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By John Root Stone
Online video is exploding
The global market for online video is expected to grow to $37 billion by 2017. In April, according to Comscore, 182 million Americans – 83% of US Internet users – watched 38 billion videos online. This growth is fed by a vast and ever-growing supply of content that is original and archived, professional and amateur, and distributed across more platforms than anyone cares to remember.
It’s a challenge and an opportunity
For filmmakers, this growth and complex market mix makes it increasingly difficult to find useful and profitable distribution channels. The film distribution hierarchy of yesteryear is flatter than ever with first run premium content competing nearly side-by-side with user-generated content (UGC) for the audience’s time. While this offers both challenges and opportunities to filmmakers, understanding how to take advantage of this new marketplace is anything but simple. [...]
By Greg Pak
I came up through independent film. Then I snagged a meeting with Marvel and spent most of the last eight years writing comic books. Now I’ve just completed an iPad app version of one of my graphic novels that combines elements of both comics and film. Here are a few thoughts about what inspired me as a filmmaker and comic book writer to plunge into the transmedia world of the “Vision Machine” app project and what I’ve learned.
Why “Vision Machine”?
A few years ago, Orlando Bagwell of the Ford Foundation approached me with the idea of creating a comic book that would help independent media makers imagine the technological, political, and social changes that will affect us over the next fifty years. As an indie filmmaker, sci fi guy, technology freak, and comic book creator, I was immediately hooked. What resulted was a 80 page sci fi thriller that follows three filmmaker friends as they confront the incredible potential and danger of the iEye, Sprout Computers’ latest piece of revolutionary personal technology. The iEye allows users to instantly record anything they can see or imagine, then edit, add special effects, and share it with the world just by thinking about it. Our heroes plunge into a mind-blowing utopia of creativity… and then, of course, the other shoe drops.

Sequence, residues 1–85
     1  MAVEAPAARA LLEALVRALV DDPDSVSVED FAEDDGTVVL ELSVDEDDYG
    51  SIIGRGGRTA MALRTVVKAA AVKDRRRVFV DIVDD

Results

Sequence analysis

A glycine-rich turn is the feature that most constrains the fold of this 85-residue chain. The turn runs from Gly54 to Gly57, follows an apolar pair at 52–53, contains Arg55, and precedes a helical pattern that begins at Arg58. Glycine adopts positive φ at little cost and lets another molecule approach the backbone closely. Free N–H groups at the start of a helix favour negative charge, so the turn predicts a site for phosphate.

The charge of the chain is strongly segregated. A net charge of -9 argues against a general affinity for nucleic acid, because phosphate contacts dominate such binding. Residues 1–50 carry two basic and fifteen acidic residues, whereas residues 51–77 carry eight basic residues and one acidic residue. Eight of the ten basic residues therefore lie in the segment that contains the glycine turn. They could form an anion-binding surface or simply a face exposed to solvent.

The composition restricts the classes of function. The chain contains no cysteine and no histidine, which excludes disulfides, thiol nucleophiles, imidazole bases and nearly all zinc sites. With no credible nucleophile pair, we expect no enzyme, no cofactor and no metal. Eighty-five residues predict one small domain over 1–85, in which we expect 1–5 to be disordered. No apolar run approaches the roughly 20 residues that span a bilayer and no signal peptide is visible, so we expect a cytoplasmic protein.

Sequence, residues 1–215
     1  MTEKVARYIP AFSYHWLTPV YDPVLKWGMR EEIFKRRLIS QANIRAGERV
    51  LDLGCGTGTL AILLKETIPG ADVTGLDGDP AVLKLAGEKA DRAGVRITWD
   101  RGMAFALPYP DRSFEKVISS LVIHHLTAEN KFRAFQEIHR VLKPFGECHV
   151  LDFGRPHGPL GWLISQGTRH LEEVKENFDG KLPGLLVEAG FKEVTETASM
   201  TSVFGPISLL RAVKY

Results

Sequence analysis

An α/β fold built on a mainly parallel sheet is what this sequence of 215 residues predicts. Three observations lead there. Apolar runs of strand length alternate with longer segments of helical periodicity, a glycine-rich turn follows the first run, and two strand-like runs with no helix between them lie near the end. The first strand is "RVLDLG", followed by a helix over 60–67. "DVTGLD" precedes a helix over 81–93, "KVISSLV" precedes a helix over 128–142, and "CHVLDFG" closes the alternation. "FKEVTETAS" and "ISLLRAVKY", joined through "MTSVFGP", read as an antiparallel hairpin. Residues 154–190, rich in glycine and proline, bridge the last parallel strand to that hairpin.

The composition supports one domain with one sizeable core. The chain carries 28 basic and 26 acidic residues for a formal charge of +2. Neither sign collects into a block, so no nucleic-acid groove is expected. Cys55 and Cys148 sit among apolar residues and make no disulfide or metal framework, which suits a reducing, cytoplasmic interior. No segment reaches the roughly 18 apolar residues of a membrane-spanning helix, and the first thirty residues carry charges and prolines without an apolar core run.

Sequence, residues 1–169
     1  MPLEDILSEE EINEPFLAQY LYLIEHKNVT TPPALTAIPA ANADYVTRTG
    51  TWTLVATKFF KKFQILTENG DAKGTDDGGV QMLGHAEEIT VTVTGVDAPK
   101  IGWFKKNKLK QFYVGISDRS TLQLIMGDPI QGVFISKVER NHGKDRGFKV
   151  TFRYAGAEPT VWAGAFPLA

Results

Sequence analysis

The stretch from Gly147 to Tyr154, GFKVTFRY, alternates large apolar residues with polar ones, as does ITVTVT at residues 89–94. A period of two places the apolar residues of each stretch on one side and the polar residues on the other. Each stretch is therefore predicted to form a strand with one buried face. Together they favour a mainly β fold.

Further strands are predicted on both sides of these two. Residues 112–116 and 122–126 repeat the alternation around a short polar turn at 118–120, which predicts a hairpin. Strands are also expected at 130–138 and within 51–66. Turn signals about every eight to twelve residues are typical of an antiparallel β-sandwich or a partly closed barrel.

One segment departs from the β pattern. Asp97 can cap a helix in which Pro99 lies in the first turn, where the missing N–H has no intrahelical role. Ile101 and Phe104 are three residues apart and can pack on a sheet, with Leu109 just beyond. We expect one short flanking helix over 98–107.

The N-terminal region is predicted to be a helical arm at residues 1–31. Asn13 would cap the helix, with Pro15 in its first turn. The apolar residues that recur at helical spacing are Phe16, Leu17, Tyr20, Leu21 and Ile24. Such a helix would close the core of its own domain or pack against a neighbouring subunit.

With its emphasis on copyright, trademark, privacy, and surveillance, “Vision Machine” let me explore questions that I’m always thinking about as a filmmaker and a citizen of the digital world.
And then ITVS came along and let me take the project to a whole new level. [...]
Play Festival Films is an iPad App to digitally distribute exclusive and independent shorts and feature films across the world.
The following is taken from their press materials.
It used to behese films can only be watched at elite film festivals or through purchased DVDs. Play Festival Films elevates the existing digital distribution of your film by adding a new digital distribution channel on their platform and connecting filmmakers directly with their audience.
Check out the FREE iPad APP on iTunes
Further, you can enjoy and watch the free trailers, check the nominations and awards that each film earned at the various film festivals and read the biography and filmography of each film director. You can recommend the film to your friends by email from the APP itself. Each short film is offered at US$1.99. You can stream the film (using WiFi network connection) and/or download it to your iPad and watch the film anytime, anywhere. There is no expiration date for these films. Fans or film enthusiasts can watch upcoming free trailers and also interact with the film directors directly on Facebook.